New models - Mitsubishi - Triton - GLX 4x2 DI-D utility range
First drive: 2WD diesel is Triton the money
Mitsubishi adds value and economy with its classy new 2WD Triton DI-D one-tonner
2 May 2008
MITSUBISHI Motors Australia Limited (MMAL) has thrown down a value and economy gauntlet with its popular ML Triton pick-up by introducing a competitively priced two-wheel drive (4x2) diesel version.
Kicking off from $22,990 for the Single Cab and $28,990 for the Double Cab, the Triton 4x2 scores the new 2.5-litre DOHC 16-valve common-rail intercooled four-cylinder turbo-diesel.
This Japanese-built Euro 4 emissions-compliant 2477cc 4D56 DI-D unit delivers 100kW of power at 3800rpm and 314Nm of torque at 2000rpm in the Thai-manufactured Triton.
It is only available in the mid-range GLX 4x2 model for now, in either five-speed manual or four-speed automatic guise - the latter for an extra $2000.
The former returns 8.5 litres per 100km, while the latter uses 9.1L/100km.
Triton 4x4 models continue with the 118kW/343Nm 3.2-litre four-cylinder DI-D turbo-diesel unit, which is from another engine family, and unavailable in Triton 4x2 format.
The 2.5 DI-D brings the number of engine variants available on the ML 4x2 pick-up to three. The 94kW/194Nm 2.4-litre four-cylinder and 135kW/309Nm 3.5-litre V6 petrol units continue.
Brakes are ventilated discs up front and a set of drums in the rear, while the suspension continues with the ML Triton’s tradition of double wishbones and coil springs in the nose and a rigid axle with elliptic leaf springs helping to keep the tail up.
Other Triton 2.5 DI-D specs include a 75 litre fuel tank, powered rack and pinion steering with an 11.4 metre turning circle, 16x6.0-inch steel wheels shod with 205 R16C110/108R 8PR tyres, and a 2500kg towing capacity.
Payload capacity varies from 951kg for the Double Cab auto (961kg – manual), through to 1031kg for the Single Cab Ute auto (1046kg – manual) and 1161kg for the Single Cab Cab-Chassis auto (1176kg – manual). There is no double-cab/chassis version.
Mitsubishi is confident that the combination of diesel economy and value pricing will hit a sweet spot with buyers.
To this end, all vehicles include ABS anti-lock brakes with electronic brake-force distribution (EBD), dual front airbags, air-conditioning, cruise control, power windows, remote central locking, variable intermittent wipers, reclining cloth-trimmed front seats, seat-belt pretensioners, 16-inch wheels, heavy-duty high-riding suspension and a limited-slip differential.
As with all ML Tritons, the ANCAP crash-test result is a class-leading four stars, while Mitsubishi’s five-year warranty also applies.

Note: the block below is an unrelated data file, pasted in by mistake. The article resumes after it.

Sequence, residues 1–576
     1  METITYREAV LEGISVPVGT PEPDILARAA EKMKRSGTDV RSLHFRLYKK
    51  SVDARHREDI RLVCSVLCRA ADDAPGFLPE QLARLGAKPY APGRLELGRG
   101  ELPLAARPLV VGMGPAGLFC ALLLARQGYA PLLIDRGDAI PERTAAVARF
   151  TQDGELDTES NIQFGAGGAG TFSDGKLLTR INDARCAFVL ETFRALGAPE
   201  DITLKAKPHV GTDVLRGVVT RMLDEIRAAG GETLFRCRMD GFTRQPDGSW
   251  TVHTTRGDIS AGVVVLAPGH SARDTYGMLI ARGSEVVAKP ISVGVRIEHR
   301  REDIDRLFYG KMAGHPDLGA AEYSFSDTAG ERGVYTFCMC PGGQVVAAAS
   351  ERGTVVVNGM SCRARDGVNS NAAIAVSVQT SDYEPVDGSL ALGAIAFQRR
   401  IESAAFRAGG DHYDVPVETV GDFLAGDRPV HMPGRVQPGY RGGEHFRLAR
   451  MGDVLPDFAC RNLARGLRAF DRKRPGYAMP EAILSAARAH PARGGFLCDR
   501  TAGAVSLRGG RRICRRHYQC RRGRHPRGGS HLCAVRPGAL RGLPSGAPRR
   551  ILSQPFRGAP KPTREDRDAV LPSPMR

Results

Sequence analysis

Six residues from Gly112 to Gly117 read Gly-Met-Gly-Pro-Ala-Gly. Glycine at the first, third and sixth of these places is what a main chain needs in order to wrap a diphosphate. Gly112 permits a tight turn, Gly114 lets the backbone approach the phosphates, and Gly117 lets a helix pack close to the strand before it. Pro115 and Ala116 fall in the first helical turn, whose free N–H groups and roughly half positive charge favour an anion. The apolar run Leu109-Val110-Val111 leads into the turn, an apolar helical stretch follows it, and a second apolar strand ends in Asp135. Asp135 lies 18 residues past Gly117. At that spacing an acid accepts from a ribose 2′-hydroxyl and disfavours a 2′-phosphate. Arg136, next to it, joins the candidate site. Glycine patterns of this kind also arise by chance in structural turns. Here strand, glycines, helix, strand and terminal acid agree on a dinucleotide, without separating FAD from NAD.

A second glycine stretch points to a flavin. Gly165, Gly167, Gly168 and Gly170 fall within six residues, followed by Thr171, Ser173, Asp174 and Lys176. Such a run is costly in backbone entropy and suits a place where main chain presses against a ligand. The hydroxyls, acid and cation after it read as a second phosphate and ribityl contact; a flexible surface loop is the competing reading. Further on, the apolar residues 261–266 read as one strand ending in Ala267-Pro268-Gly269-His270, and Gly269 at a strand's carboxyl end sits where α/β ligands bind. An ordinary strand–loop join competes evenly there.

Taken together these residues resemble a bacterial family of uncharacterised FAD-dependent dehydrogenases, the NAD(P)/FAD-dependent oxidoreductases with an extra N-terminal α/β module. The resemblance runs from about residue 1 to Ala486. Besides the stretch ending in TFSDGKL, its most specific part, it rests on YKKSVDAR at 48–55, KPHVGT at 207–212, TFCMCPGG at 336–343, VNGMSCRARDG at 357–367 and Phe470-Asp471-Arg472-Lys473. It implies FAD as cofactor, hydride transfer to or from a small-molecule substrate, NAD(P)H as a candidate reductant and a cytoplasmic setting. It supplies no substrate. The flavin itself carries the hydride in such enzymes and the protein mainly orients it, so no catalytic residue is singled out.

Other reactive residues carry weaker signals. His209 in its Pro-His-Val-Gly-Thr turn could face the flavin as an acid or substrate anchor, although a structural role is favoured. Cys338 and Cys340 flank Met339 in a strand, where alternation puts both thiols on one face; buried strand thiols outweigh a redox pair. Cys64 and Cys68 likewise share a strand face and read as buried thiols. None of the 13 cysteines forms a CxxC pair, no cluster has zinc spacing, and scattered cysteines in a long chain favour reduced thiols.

The 2.5-litre DI-D gives the Triton a useful heads-up in its three-way tussle for second place in the pick-up sales race against the Holden Rodeo, Nissan Navara and Mazda BT-50 – and may even edge the Mitsubishi within striking distance of the market-leading Toyota HiLux.
In fact, MMAL has priced the $22,990 GLX Single Cab between the $20,990 Ford Ranger XL 4x2 and $23,225 Mazda BT-50 DX, as the pair currently account for 85 per cent of all 4x2 diesel single-cab pick-up sales in the segment.
Similarly, the $28,990 Triton 2.5 DI-D Double Cab slots underneath the $31,590 Ford Ranger XL DC diesel (which commands 50 per cent of sales in its class) by a margin of $2600.
Along with the aforementioned Ford and Mazda pick-ups, MMAL identifies the $22,490 Nissan D22 Navara DX, $28,390 Holden Rodeo LX and $29,690 Toyota Hi-Lux SR as the main 4x2 single-cab diesel competitors, while the Triton 2.5 DI-D Double Cab 4x2 clashes with the $33,020 BT-50 DX, $34,990 Rodeo LX and $35,690 Hi-Lux SR double-cab combatants.
Since its launch in late 2006, the ML Triton range has been one of the main drivers of Mitsubishi’s sales resurgence, with the 4x2 and 4x4 recording a 34 and 40 per cent sales growth respectively year-on-year last year.
However, MMAL has not been able to offer a 4x2 diesel variant until now.
“We’ve been effectively fighting with one arm tied around our back,” admitted product and project manager James Tol.
He expects to sell between 200 and 250 per month, with the automatic accounting for up to 40 per cent of volume, while around 60 per cent of buyers will choose the Single Cab 4x2.
“(We are also following) right through to competitors’ fleet pricing with our fleet pricing,” Mr Tol stated, adding that making automatic available throughout the 2.5 DI-D range will prove to be a decisive Triton advantage.
Meanwhile, MMAL has added cruise control availability on all Triton 4x4 3.2 DI-D models, while 17-inch alloy wheels are now standard on the GLX-R and GLS 4X4 Double Cab versions.
“(The new Triton additions) provide us with a foundation to cement our position as a major player in this segment,” Mr Tol believes.
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